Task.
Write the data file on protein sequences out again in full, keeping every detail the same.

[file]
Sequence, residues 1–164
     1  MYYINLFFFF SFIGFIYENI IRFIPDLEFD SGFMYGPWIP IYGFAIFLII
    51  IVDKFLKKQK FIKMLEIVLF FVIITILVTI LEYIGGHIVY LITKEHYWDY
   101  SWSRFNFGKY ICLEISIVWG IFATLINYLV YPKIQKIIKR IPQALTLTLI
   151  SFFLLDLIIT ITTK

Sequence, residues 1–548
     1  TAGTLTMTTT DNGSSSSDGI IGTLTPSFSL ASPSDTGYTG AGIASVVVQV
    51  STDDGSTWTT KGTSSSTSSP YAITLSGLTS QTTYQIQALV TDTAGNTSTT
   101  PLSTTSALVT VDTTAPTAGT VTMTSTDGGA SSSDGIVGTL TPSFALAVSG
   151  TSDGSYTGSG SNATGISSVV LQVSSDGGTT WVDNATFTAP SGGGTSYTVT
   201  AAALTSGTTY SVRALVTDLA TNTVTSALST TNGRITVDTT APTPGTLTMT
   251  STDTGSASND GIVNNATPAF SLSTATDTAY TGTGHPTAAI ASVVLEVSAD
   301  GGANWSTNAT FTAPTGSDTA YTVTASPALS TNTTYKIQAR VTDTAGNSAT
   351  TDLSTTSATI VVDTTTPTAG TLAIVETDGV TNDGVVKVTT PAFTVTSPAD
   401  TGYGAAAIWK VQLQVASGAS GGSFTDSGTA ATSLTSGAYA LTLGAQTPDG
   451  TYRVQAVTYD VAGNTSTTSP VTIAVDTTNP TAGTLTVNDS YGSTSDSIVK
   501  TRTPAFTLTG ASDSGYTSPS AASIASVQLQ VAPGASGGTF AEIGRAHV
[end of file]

Sequence, residues 1–164
     1  MYYINLFFFF SFIGFIYENI IRFIPDLEFD SGFMYGPWIP IYGFAIFLII
    51  IVDKFLKKQK FIKMLEIVLF FVIITILVTI LEYIGGHIVY LITKEHYWDY
   101  SWSRFNFGKY ICLEISIVWG IFATLINYLV YPKIQKIIKR IPQALTLTLI
   151  SFFLLDLIIT ITTK

Sequence, residues 1–548
     1  TAGTLTMTTT DNGSSSSDGI IGTLTPSFSL ASPSDTGYTG AGIASVVVQV
    51  STDDGSTWTT KGTSSSTSSP YAITLSGLTS QTTYQIQALV TDTAGNTSTT
   101  PLSTTSALVT VDTTAPTAGT VTMTSTDGGA SSSDGIVGTL TPSFALAVSG
   151  TSDGSYTGSG SNATGISSVV LQVSSDGGTT WVDNATFTAP SGGGTSYTVT
   201  AAALTSGTTY SVRALVTDLA TNTVTSALST TNGRITVDTT APTPGTLTMT
   251  STDTGSASND GIVNNATPAF SLSTATDTAY TGTGHPTAAI ASVVLEVSAD
   301  GGANWSTNAT FTAPTGSDTA YTVTASPALS TNTTYKIQAR VTDTAGNSAT
   351  TDLSTTSATI VVDTTTPTAG TLAIVETDGV TNDGVVKVTT PAFTVTSPAD
   401  TGYGAAAIWK VQLQVASGAS GGSFTDSGTA ATSLTSGAYA LTLGAQTPDG
   451  TYRVQAVTYD VAGNTSTTSP VTIAVDTTNP TAGTLTVNDS YGSTSDSIVK
   501  TRTPAFTLTG ASDSGYTSPS AASIASVQLQ VAPGASGGTF AEIGRAHV